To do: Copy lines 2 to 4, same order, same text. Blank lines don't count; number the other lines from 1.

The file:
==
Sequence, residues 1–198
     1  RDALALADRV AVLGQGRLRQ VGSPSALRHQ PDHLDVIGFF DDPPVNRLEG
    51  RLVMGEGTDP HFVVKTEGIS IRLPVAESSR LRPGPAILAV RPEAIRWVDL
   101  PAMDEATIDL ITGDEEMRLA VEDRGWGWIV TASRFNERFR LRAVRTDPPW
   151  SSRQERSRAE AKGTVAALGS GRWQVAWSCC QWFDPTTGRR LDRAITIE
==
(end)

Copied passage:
     1  RDALALADRV AVLGQGRLRQ VGSPSALRHQ PDHLDVIGFF DDPPVNRLEG
    51  RLVMGEGTDP HFVVKTEGIS IRLPVAESSR LRPGPAILAV RPEAIRWVDL
   101  PAMDEATIDL ITGDEEMRLA VEDRGWGWIV TASRFNERFR LRAVRTDPPW